The American Jobs Machine

By Erik Olin Wright and Rachel Dwyer

June, 2000

Technical Appendix:
Data and details for the Strategy of the analysis

The data we use, like the data used in the Stiglitz report, come from the Current Population Survey (CPS) for the period 1963-1999. The CPS is the major U.S. government household survey of employment and labor force participation, conducted monthly by the Bureau of the Census for the Bureau of Labor Statistics. The sample, selected to be representative of the civilian, non-institutional population of the United States, is very large and thus allows for fairly fine-grained analyses of labor market trends.

Throughout this analysis we will restrict our investigation to jobs held by employees, thus excluding the self-employed. In principle the problem of job expansion should include all active participants in the labor force, both employees and self-employed. However, the CPS does not contain comparable earnings data for both self-employed and employees, and thus it is difficult to create a unified analysis of job expansion including both categories of earners. For present purposes, therefore, we will restrict the analysis to employees. We will also, for most of the analysis, restrict our attention to full-time employment, defined as working 35 hours a week or more.

No useable CPS data is currently available before 1962, so our analysis must begin after the 1961 start date of the expansion. In addition, the CPS data files that are available for the early 1960's have possible reliability and validity problems -- in large part a result of the difficulties of data collection and storage in that period. For example, employment level estimates in some years are appreciably higher or lower than those reported by other sources. The 1962 data is particularly problematic, therefore we decided not to use that year. Later years become progressively better. We decided to begin the analysis in 1963 as a compromise between the quality of the data and our need to include as many years of the economic expansion as possible. We did run the analysis using different years as our starting point, and the broad patterns of our conclusions were maintained. Despite the problems with the data, there are no other sources of employment data for the 1960's as comprehensive and appropriate for our purposes as the CPS.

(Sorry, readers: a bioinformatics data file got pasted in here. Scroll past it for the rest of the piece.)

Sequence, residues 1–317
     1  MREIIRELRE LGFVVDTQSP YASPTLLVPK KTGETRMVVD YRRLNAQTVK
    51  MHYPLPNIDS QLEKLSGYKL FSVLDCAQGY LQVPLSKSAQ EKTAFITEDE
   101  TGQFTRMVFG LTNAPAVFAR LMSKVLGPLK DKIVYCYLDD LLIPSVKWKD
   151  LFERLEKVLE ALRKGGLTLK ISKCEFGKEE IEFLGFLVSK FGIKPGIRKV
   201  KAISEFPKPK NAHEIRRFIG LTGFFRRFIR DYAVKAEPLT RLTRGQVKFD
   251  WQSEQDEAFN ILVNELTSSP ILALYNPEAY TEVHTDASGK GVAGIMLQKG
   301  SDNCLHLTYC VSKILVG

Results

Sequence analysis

There are a number of changes in the data over the years that affect our methodological strategy and coding regimes. In particular, the sampling structure of the CPS dataset we use changes from the 1960s to the 1990s, and a number of the central survey questions used to define the variables of our analysis change in the two periods as well.